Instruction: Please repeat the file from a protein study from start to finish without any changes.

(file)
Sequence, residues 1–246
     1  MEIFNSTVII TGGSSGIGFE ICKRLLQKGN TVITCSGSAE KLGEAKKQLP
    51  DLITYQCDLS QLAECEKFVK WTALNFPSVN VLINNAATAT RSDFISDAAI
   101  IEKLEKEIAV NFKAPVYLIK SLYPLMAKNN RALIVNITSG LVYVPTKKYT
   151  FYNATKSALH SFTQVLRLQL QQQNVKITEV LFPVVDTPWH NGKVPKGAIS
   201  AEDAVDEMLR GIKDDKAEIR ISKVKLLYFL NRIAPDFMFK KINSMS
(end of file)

Sequence, residues 1–246
     1  MEIFNSTVII TGGSSGIGFE ICKRLLQKGN TVITCSGSAE KLGEAKKQLP
    51  DLITYQCDLS QLAECEKFVK WTALNFPSVN VLINNAATAT RSDFISDAAI
   101  IEKLEKEIAV NFKAPVYLIK SLYPLMAKNN RALIVNITSG LVYVPTKKYT
   151  FYNATKSALH SFTQVLRLQL QQQNVKITEV LFPVVDTPWH NGKVPKGAIS
   201  AEDAVDEMLR GIKDDKAEIR ISKVKLLYFL NRIAPDFMFK KINSMS